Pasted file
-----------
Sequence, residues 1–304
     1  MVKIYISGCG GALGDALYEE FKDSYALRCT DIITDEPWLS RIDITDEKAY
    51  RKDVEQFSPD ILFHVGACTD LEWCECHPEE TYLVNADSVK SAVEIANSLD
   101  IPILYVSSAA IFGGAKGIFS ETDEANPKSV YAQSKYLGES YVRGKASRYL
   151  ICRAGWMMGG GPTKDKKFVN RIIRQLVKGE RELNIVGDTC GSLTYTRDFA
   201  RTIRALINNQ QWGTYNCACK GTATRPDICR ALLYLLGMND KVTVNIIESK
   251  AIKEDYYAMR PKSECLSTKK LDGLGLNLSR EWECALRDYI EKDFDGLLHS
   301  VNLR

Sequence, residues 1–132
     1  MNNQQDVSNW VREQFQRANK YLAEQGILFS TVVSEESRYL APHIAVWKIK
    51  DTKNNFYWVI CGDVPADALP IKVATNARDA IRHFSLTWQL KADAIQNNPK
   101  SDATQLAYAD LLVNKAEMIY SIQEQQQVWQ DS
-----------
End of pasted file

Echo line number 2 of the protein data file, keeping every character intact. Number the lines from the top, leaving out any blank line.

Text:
     1  MVKIYISGCG GALGDALYEE FKDSYALRCT DIITDEPWLS RIDITDEKAY